IBIS Turkey 2018 took place at the Hilton Istanbul Bomonti Hotel & Conference Center on 30 October, when leaders from every sector of the collision repair market met to discuss the challenges and opportunities within the local market, and how global trends could impact the industry going forward.
Subjects covered included an overview of the market, digitalisation and innovation within claims, the drivers impacting the industry, sustainability within a value proposition, and how to secure and improve revenue streams.
Among the high-quality of speakers, Ibrahim Aybar,retired CEO and chairman, Renault MAİS A.Ş, provided an overview of both the global and Turkish market in terms of unit sales over the past number of years. He also compared the number of registered vehicles in August 2018 to the same month the previous year, highlighting a significant drop, and pointing to the EV market as a potential area of growth with just 0.8% of the car parc electric in Turkey compared to 6.9% in the EU.
He also pointed to a KPMG Global Automotive survey that found that internal combustions engines would decrease by 30% from 2020 to 2030. It found that diesel had little future, and although EVs would grow in popularity (55% of all new sales by 2030) the lack of infrastructure would limit sales.
The survey also suggested that car owners today would no longer want to own a car by 2025, with the industry evolving completely to be dominate by tech companies with today’s main automotive brands demoted to the role of subcontractors.
Another major factor would be data and interconnectivity, with security and management of this data playing an ever-increasing role.
Delegates also heard how the percentage of the world’s population living in cities would rise from 50% in 2007 to 70% in 2050, and the inherent problems that would bring.
Meanwhile, Riza Sahin, CEO of Hidirusta Otomotiv, discussed the role of the OSS Association. He explained how it was set up in 1995 with just 12 members but now had 150 members, with committees dedicated to communications, technology, training and regulation.
It has also carried out wide-ranging research into the automotive aftermarket, and believes that ‘all roads lead to change’, and each link of the value chain needed to redefined.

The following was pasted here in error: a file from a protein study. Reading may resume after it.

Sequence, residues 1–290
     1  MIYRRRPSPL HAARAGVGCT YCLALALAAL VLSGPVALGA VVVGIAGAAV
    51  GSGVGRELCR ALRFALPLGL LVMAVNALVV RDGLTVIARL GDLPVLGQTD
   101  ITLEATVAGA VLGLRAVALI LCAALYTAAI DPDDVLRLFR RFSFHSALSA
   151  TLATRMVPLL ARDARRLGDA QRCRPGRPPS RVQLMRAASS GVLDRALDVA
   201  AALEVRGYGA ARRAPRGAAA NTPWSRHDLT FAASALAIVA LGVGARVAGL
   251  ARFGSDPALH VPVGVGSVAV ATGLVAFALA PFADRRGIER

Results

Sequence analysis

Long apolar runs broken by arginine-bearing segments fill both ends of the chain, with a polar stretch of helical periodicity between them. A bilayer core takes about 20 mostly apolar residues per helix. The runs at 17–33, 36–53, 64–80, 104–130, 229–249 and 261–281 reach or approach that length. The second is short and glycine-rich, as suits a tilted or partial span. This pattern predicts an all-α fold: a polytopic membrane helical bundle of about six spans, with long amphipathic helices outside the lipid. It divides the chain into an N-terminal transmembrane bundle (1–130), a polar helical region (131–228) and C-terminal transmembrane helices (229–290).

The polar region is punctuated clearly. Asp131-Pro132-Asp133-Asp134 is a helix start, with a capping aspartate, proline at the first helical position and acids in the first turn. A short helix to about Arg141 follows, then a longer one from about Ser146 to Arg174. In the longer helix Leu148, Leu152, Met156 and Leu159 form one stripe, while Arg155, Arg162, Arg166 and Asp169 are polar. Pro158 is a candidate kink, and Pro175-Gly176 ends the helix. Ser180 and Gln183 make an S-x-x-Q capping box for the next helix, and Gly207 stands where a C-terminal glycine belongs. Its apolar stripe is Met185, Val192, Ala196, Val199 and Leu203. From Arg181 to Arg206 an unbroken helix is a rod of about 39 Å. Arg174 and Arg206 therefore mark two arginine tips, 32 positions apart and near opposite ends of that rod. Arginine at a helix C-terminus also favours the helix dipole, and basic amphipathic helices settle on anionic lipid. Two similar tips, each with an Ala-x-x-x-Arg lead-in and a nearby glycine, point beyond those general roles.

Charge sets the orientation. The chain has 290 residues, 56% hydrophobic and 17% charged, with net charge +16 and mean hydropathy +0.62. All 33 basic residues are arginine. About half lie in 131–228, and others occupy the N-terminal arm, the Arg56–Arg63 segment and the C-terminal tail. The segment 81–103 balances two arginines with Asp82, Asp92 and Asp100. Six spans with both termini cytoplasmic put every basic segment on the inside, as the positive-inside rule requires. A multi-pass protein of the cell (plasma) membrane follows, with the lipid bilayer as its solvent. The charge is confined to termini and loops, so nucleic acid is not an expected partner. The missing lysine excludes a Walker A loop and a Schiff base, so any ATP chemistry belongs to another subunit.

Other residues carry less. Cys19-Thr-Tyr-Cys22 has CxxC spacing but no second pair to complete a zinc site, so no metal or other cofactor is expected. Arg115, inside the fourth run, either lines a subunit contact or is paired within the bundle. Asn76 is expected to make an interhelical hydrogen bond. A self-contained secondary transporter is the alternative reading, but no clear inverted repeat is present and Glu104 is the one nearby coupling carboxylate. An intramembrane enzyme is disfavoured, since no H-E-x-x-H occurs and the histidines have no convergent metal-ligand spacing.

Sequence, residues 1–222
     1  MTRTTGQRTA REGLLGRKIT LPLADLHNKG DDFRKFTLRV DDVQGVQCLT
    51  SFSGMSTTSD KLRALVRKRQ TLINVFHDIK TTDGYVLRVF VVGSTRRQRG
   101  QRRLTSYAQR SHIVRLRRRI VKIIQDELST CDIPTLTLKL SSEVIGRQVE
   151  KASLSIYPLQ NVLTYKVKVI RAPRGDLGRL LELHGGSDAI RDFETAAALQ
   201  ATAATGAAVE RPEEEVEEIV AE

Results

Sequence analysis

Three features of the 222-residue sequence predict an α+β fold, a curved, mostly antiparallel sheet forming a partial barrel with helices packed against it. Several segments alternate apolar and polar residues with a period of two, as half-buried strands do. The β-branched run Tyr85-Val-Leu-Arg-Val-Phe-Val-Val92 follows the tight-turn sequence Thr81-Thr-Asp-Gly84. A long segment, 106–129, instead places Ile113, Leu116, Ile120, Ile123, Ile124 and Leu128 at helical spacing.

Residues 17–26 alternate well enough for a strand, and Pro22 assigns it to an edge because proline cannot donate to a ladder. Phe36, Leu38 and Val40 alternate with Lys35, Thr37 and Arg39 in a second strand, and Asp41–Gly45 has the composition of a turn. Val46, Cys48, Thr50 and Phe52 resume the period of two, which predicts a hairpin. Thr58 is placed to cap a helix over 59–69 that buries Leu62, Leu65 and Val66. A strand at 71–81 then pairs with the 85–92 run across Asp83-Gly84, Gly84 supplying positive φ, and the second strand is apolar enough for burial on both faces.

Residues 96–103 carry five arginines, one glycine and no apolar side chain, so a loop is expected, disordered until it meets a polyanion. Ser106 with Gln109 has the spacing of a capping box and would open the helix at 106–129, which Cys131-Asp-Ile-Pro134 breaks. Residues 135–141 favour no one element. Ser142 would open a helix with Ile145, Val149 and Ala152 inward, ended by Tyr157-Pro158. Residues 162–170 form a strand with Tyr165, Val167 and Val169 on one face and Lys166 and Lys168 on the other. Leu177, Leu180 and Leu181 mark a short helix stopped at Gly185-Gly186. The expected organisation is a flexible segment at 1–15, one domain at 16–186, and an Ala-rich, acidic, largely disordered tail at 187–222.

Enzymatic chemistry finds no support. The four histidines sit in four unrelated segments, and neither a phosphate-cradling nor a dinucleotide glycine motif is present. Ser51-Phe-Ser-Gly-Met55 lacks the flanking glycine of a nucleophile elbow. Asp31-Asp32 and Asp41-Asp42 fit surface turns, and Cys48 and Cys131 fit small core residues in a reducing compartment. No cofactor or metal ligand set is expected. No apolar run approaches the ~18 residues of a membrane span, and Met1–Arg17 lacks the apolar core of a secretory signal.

Delegates also heard from Okan Utkueri, who discussed the influence of InsurTech on the industry. Figures suggest there are now nearly 2,000 InsurTech companies in the world, with more than 500 established in the last five years alone.
Okan said there would be 50 billion Internet of Things in the world by 2020, which would both drive and be driven by a new generation of customer.
Triggering factors behind this digital era included big data and connectivity, customer behaviour, innovation and computing power.
In the automotive arena, this digital influence would take the form of electrification, connectivity, diverse mobility and autonomous driving. In terms of claims management, technology should result in faster, lower cost processes, reduced fraud, and improved customer experience.
Discussing a similar them, Arnaud Agostini, regional managing director of Solera Group, discussed the digitalisation of insurance claims. He began by highlighting Solera’s global presence, with operations in more than 90 countries, before honing in on Turkey, where he said internet penetration had risen to 68%.
Much of this comprises Generation Y, which wants processes to be quick and easy. Solera found that more than 60% of drivers are ready for a zero-touch claims process, emphasising the need to communicate over multiple channels.
Delegates were also offered an insight into the findings of Frost & Sullivan’s research into global aftermarket trends. It found that the vehicle car parc is ageing – in Turkey the average car is more than 11 years old – resulting in a boon for the parts sector, with revenue rising from $388.7bn in 2017 to $407.5bn this year.
Meanwhile, Bosch, a major player in the Turkish automotive aftermarket, discussed how it was evolving its product portfolio to suit today’s customer, suggesting it was a solutions partner to the industry both in terms of expertise and product.
Also speaking, Soner Akkaya of Aksigorta pointed to an increase in motor and traffic premiums compared to the same time last year, driven partly by its 41% growth in 2018 – meaning it was the only company in the top 10 to increase its general market share.
But while its motors division was flourishing, there were potential challenges for insurers in the future. Among them, new vehicle sales shrunk by 53% with a 10% drop in motor policies, while currency fluctuations were also having a destabilising effect.
Looking forward, it has three key projects on the go. Its smart catalogue is being introduced to define the right outstanding claim amount for damaged parts through a parts and workmanship database, while it is also introducing AI to determine if a part needs to be repaired or replaced. Photo evidence is also being introduced to detect tampered claims using advanced image analytics.
Andrew Marsh, director of AIC Ltd, then discussed the growing complexity of cars both in terms of materials and body shapes. He also provided an insightful overview of ADAS, looking at the sensors and their need for accurate calibration – either static, dynamic or self-calibration – and warned that in the future vehicles would have even more sensors than now. He pointed out that astute businesses could make significant profits in this area.
As ever, IBIS Turkey 2018 would not have been possible without the support of our sponsors AkzoNobel and Audatex.
Turkey 2019 is coming to Istanbul in November. Look out here for an announcement on the date and venue and how to book your place.